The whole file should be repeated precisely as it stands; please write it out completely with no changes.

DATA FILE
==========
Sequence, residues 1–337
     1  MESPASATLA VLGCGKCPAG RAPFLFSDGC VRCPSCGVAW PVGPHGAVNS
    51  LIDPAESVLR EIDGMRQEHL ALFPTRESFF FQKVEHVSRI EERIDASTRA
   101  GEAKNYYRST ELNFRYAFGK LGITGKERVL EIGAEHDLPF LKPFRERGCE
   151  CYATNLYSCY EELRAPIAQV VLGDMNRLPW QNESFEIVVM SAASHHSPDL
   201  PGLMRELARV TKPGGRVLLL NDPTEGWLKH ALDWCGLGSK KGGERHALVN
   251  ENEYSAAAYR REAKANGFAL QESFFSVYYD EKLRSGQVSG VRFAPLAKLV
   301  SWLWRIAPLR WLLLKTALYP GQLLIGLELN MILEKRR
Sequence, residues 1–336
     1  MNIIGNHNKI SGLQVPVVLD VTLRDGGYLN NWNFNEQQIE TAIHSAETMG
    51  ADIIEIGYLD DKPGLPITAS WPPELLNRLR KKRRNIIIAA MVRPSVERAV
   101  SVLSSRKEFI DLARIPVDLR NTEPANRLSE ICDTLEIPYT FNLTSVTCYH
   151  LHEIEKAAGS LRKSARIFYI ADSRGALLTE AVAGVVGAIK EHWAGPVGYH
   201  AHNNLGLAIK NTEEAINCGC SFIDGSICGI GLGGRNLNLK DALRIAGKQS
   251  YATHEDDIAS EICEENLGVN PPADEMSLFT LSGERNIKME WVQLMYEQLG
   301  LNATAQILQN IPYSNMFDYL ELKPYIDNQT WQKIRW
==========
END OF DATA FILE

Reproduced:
Sequence, residues 1–337
     1  MESPASATLA VLGCGKCPAG RAPFLFSDGC VRCPSCGVAW PVGPHGAVNS
    51  LIDPAESVLR EIDGMRQEHL ALFPTRESFF FQKVEHVSRI EERIDASTRA
   101  GEAKNYYRST ELNFRYAFGK LGITGKERVL EIGAEHDLPF LKPFRERGCE
   151  CYATNLYSCY EELRAPIAQV VLGDMNRLPW QNESFEIVVM SAASHHSPDL
   201  PGLMRELARV TKPGGRVLLL NDPTEGWLKH ALDWCGLGSK KGGERHALVN
   251  ENEYSAAAYR REAKANGFAL QESFFSVYYD EKLRSGQVSG VRFAPLAKLV
   301  SWLWRIAPLR WLLLKTALYP GQLLIGLELN MILEKRR
Sequence, residues 1–336
     1  MNIIGNHNKI SGLQVPVVLD VTLRDGGYLN NWNFNEQQIE TAIHSAETMG
    51  ADIIEIGYLD DKPGLPITAS WPPELLNRLR KKRRNIIIAA MVRPSVERAV
   101  SVLSSRKEFI DLARIPVDLR NTEPANRLSE ICDTLEIPYT FNLTSVTCYH
   151  LHEIEKAAGS LRKSARIFYI ADSRGALLTE AVAGVVGAIK EHWAGPVGYH
   201  AHNNLGLAIK NTEEAINCGC SFIDGSICGI GLGGRNLNLK DALRIAGKQS
   251  YATHEDDIAS EICEENLGVN PPADEMSLFT LSGERNIKME WVQLMYEQLG
   301  LNATAQILQN IPYSNMFDYL ELKPYIDNQT WQKIRW